Combined with additional cuts to education, rural health, and the total elimination of job training programs, the proposed budget adds up to disaster for children now and for our country in the future. Cuts this deep will deny struggling families the opportunity to make a better life for themselves and their kids.

We know that educational attainment is the surest way out of poverty. We know that coverage through Medicaid, the nation’s largest children’s health insurer, leads to lower drop-out rates and higher college graduation rates, reduced adolescent mortality, and higher lifetime wealth and income rates. We know that self-sufficiency programs like SNAP and TANF provide a necessary bridge so the neediest families receive help while they get back on their feet.

Failure to fulfill children’s basic needs early on in life comes at the expense of their futures, and the future of our country. Children need food, shelter, safety, and health — not cuts.

Harmful Immigration Enforcement Practices Threaten Children’s Well-Being

Protecting children is a core American value. From child custody cases to the child welfare system, the child’s “best interests” are key considerations in ensuring that children’s security, mental health, and emotional development are prioritized in any decision made on their behalf. However, in recent discussions of immigration policy and enforcement practices, the best interests of children are too often ignored. As Immigration Customs and Enforcement (ICE) detains and deports more parents, it is imperative that the physical, psychological, and economic impacts of immigration enforcement practices are considered and mitigated to protect children in families of undocumented immigrants.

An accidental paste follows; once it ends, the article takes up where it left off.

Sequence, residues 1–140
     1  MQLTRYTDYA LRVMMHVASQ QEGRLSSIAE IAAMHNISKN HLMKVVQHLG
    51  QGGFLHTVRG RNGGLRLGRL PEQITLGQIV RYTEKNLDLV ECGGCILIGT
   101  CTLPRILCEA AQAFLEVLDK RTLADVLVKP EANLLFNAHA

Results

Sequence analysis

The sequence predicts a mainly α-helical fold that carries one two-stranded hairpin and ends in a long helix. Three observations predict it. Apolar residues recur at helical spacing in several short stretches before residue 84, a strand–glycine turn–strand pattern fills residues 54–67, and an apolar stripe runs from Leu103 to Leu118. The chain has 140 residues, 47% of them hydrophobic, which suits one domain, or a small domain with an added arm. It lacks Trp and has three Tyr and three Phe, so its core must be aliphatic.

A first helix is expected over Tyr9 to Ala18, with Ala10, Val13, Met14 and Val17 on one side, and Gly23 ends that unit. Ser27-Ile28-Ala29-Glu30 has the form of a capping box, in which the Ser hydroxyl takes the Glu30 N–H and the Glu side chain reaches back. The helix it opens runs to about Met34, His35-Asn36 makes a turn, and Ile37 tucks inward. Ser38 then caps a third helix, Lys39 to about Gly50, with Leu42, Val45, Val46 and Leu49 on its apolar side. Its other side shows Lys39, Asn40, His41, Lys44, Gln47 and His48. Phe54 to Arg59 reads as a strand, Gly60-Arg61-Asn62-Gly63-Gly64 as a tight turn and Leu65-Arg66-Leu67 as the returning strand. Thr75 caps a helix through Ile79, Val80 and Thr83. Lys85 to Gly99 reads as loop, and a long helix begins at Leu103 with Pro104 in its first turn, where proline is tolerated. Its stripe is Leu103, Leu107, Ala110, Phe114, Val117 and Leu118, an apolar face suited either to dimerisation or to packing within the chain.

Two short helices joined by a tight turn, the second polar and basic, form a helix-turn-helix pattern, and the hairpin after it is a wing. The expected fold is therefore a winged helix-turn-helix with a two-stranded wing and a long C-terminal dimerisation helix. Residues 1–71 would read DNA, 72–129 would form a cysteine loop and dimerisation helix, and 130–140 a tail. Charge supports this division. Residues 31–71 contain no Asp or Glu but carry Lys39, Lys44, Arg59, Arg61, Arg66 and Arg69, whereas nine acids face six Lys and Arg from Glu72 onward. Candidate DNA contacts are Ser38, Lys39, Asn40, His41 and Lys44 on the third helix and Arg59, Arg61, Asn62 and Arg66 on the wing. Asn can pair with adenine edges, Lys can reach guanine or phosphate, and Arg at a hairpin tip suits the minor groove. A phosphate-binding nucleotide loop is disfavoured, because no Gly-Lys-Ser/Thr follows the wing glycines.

The detention and deportation of parents have significant consequences for children in both the short- and long-term, threatening the safety and well-being of approximately 4.1 million US citizen children living with at least one undocumented parent. In the event that a parent is detained, the most immediate physical risk for children occurs when families are separated during detention. Once arrested, many parents are transferred to an immigration center, often without the opportunity to contact their children or arrange care. A lack of coordination between family courts, the child welfare system, and detention centers, amplified by language barriers, make it difficult and sometimes impossible for parents to reunite with their children after the conclusion of their immigration case.